11 Disenfranchised grief creates Shame Disenfranchised Grief results in an intensification of normative emotional reactions such as anger, guilt, sadness and helplessness. The absence of rituals to facilitate the mourning process can severely limit the resolution of grief. When a society disenfranchises the legitimacy of grief among any group, the resulting intrapsychic function that inhibits the experience and expression of grief effects, that is, sadness and anger, is shame.

12 Grief and Shame Grief covered by shame negatively impacts relationships with self and others and one's realization of the sacredness within oneself and one's community. Further, European American culture legitimizes grief only for immediate nuclear family in the current generation. This may also serve to disenfranchise the grief of Native people over the loss of ancestors and extended kin as well as animal relatives and traditional languages, songs and dances.

13 Cognitive effects Depression/Cognitive Function Traumatic history and racism play a significant role in depression. Cognitive performance deteriorates over time in traumatized individuals.

14 How Trauma Continues Trauma in the Present American Indians face repeated traumatic losses of relatives and community members through alcohol- related accidents, homicides, and suicides. Deaths can occur so frequently they leave people numb. Domestic violence and child abuse are frequent and add to the traumas of the past, and fuel anguish and destructive coping mechanisms. "New Age" imitations of American Indian spiritual traditions is a form of genocide.

15 The Role of Alcohol Role and Impact of Alcohol Little known prior to contact, alcohol was used as a bargaining tool on the American frontier. Role models for drinking behavior were usually pathological and associated with violence. Drunken comportment became a learned behavior for American Indians.

16 Alcoholism Indian alcoholism death rate is 5.5 times the national average. Alcohol had a devastating effect on the health and morale of Indian people: with the reservation system, a colonized people lost control of their land, culture and way of life. Indian alcohol abuse, a self-destructive act often associated with depression, may be an outcome of internalized aggression, internalized oppression, and unresolved grief and trauma.

17 Identification with the Aggressor Anger and aggression are acted out upon oneself and others like the self (members of one's group); internalization of self-hatred is an outcome of oppression and the danger of direct expression of anger toward the dominant culture. Identification with the Aggressor: anxiety in response to critical authority figures; an individual incorporates the harshness of the aggressive authority figure, which may be projected onto others with hostility.

18 Alcohol Indian alcohol abuse, a self-destructive act often associated with depression, may be an outcome of internalized aggression, internalized oppression, and unresolved grief and trauma.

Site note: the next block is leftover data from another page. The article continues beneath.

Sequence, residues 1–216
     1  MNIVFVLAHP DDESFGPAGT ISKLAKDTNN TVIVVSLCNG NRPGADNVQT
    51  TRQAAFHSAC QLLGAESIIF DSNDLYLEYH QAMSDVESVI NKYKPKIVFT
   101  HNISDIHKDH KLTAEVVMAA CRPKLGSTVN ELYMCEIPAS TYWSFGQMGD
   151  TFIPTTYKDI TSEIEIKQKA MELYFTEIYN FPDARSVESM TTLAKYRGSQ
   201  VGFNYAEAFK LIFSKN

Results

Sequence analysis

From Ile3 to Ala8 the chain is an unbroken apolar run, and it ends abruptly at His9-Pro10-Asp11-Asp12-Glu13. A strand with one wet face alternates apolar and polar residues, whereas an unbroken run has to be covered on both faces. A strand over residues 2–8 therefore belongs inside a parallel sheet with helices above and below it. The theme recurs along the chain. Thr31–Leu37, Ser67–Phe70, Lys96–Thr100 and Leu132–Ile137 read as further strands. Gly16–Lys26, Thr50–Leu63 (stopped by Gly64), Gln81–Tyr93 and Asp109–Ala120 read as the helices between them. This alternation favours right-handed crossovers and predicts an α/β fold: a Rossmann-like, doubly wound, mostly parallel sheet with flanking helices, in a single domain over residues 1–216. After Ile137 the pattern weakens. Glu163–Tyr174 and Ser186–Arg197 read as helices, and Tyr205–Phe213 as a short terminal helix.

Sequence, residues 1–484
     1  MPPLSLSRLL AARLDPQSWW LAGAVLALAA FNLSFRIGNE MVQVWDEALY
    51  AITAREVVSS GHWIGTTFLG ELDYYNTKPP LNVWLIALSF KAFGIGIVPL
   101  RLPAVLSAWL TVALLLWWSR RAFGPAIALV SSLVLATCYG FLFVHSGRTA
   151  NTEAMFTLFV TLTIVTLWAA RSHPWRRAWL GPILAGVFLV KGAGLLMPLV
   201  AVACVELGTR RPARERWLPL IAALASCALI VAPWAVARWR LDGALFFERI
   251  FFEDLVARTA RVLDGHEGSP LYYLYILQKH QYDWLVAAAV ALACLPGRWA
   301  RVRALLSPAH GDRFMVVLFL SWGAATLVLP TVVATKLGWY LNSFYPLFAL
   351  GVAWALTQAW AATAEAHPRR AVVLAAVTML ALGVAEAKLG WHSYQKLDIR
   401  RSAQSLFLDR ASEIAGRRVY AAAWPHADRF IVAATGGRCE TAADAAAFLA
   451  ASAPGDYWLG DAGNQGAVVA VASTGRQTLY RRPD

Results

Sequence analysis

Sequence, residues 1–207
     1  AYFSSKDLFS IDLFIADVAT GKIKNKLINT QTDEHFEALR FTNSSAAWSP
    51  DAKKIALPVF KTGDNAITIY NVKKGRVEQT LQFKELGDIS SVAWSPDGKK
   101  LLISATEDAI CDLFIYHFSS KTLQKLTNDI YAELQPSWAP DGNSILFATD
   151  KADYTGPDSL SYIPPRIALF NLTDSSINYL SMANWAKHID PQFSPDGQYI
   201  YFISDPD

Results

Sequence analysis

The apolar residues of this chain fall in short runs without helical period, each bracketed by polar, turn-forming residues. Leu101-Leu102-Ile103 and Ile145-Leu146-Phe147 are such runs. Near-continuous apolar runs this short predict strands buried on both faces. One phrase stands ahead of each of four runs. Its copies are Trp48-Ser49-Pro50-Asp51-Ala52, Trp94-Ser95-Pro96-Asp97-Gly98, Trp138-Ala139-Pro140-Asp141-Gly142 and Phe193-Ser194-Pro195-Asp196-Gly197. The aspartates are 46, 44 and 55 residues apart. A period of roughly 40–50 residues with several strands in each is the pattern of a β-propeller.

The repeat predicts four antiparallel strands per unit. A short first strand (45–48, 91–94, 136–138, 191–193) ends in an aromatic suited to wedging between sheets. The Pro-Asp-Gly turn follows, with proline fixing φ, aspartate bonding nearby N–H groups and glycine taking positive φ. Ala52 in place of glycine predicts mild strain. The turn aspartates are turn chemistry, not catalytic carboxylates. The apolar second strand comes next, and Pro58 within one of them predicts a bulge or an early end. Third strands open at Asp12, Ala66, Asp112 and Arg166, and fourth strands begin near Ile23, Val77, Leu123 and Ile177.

19 Healing! Healing Historical Unresolved Grief Learning and teaching tribal traditions and ceremonies; communal grief rituals storytelling extended kin networks to support identity formation, a sense of belonging, recognition of a shared history and survival of the group.

20 Healing Trauma and Grief Emotional expression of pain decreases guilt and increases joy Wiping the Tears Reattachment to Native values Development of healthy spirituality Importance of individual, family and community healing

21

22 Healing Education increases awareness of trauma Sharing trauma effects provides relief Collective grief resolution creates positive group identity and commitment to community

23 A Role for Non-Natives? Is there a role for Non-natives in healing Historical Trauma and Unresolved Grief?

24 A Role for non-Natives? Education Sensitivity and Respect Refuse to belittle or appropriate Native spiritual traditions Become an ally to Native people

25 Phases of Historical Trauma Six Phases of Historical Unresolved Grief 1st Contact : life shock, genocide, no time for grief Colonization: introduction of disease and alcohol, traumatic events such as Wounded Knee Massacre Economic Competition : sustenance loss (physical/spiritual) Invasion/War Period : extermination, refugee symptoms Subjugation/Reservation Period : confined/translocated, forced dependency on oppressor, lack of security Boarding School Period : destroyed family system beatings, rape, prohibition of Native language and religion; Lasting Effect: ill-prepared for parenting, identity confusion Relocation and Termination Period : transfer to urban areas, racism/viewed as second class; loss of governmental system and community


Download ppt "American Indian Historical Trauma. Historical Trauma/Unresolved Grief Historical Trauma: The collective emotional and psychological injury both over the."

Similar presentations


Ads by Google